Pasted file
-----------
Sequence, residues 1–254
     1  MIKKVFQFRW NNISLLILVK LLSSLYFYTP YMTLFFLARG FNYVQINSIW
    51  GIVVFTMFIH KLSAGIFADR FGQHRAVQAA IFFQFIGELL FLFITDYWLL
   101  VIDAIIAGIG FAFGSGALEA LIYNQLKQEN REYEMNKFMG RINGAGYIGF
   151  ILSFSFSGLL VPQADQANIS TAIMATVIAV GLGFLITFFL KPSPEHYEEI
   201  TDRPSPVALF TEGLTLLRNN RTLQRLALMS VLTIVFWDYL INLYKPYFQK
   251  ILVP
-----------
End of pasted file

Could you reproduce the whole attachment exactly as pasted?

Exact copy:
Sequence, residues 1–254
     1  MIKKVFQFRW NNISLLILVK LLSSLYFYTP YMTLFFLARG FNYVQINSIW
    51  GIVVFTMFIH KLSAGIFADR FGQHRAVQAA IFFQFIGELL FLFITDYWLL
   101  VIDAIIAGIG FAFGSGALEA LIYNQLKQEN REYEMNKFMG RINGAGYIGF
   151  ILSFSFSGLL VPQADQANIS TAIMATVIAV GLGFLITFFL KPSPEHYEEI
   201  TDRPSPVALF TEGLTLLRNN RTLQRLALMS VLTIVFWDYL INLYKPYFQK
   251  ILVP